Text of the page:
Default: After a loan is deliquent for 270 days, Direct or FFEL loans will go into default. Other types of loans may have different parameters. Default has a host of nasty consequences including the entire loan becoming due and damaging your credit. During this period, the borrower will not make progress towards Public Student Loan Forgiveness or taxable forgiveness.

Grace Period: The period after the borrower graduates, leaves school, or is enrolled less than half-time. Dependent on the type of loans, the grace period can range from 6-9 months or not be available at all. Borrowers are not required to make payments but will accrue interest on some types of loans. 

3. Current monthly payment for each loan

As arguably the most painful part of have student loans, you most likely know this number already! It’s important to confirm your monthly payment and that you’re paying in full to avoid any late fees or penalties.

Additionally, if you have more than one loan, the amount going towards each loan is pertinent.

4. Your repayment plan

Income Dependent Repayment: Repayment plans for federal loans in which the borrower’s payment is a percentage of their income. The borrower must recertify their income and family size annually by providing the required paperwork and income documentation (usually the most recent tax return). The payment is recalculated each year.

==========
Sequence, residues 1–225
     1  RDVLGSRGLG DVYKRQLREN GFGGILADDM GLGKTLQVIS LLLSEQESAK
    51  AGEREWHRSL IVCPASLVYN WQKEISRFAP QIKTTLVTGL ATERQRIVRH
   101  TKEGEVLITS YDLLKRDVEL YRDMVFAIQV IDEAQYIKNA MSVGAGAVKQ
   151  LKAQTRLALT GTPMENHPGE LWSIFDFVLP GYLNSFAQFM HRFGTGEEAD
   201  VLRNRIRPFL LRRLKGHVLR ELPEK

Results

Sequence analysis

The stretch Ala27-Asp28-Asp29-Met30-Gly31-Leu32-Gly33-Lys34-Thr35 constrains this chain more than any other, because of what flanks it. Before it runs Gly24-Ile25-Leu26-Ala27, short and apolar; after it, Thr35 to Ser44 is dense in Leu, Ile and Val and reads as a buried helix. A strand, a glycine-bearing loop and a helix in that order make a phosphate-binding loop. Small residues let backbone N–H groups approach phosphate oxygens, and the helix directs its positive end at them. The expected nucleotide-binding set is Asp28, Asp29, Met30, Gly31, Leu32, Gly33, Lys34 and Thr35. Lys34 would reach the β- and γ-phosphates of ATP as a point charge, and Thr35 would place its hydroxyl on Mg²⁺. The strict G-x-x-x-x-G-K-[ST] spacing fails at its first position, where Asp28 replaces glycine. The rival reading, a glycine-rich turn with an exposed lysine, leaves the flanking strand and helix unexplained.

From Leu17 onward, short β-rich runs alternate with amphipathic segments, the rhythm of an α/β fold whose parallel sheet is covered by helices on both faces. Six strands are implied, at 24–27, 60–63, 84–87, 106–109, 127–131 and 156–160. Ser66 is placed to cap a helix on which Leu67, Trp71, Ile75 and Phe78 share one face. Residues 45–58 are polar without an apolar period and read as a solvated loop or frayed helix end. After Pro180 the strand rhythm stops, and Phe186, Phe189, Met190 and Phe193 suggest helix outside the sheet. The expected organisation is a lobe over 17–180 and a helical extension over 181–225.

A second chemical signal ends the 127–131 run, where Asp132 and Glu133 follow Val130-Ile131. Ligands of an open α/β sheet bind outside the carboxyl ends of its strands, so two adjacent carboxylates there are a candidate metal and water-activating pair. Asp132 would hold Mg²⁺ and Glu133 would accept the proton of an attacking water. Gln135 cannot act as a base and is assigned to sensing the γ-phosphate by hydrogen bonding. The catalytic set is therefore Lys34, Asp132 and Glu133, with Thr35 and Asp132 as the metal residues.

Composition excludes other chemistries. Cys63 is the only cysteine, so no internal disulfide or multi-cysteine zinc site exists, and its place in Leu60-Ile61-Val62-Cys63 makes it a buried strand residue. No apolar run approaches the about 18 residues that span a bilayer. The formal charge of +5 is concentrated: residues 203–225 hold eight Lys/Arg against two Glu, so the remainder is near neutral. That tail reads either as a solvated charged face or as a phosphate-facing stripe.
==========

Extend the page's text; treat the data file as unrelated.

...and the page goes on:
Income Contingent Repayment (ICR)

Income Based Repayment (IBR)

New Income Based Repayment (2014)

Pay As You Earn (PAYE)

Revised Pay As You Earn (REPAYE)

Standard 10 Year: The repayment plan borrowers are automatically placed on. Often, the monthly payment is onerous and the borrower may end up switching to IDR.

Graduated: Payments start lower and are increased every two years for a period of 10 years if it's not a consolidated loan. The payment period for consolidated loans can be between 10-30 years.

Extended: Stretch payments on a loan over a longer period of time (up to 25 years) to achieve a lower monthly payment. 

Extended Graduated: Stretch payments on a loan over a longer period of time (up to 25 years) to achieve a lower monthly payment. Payments start lower and are increased every two years.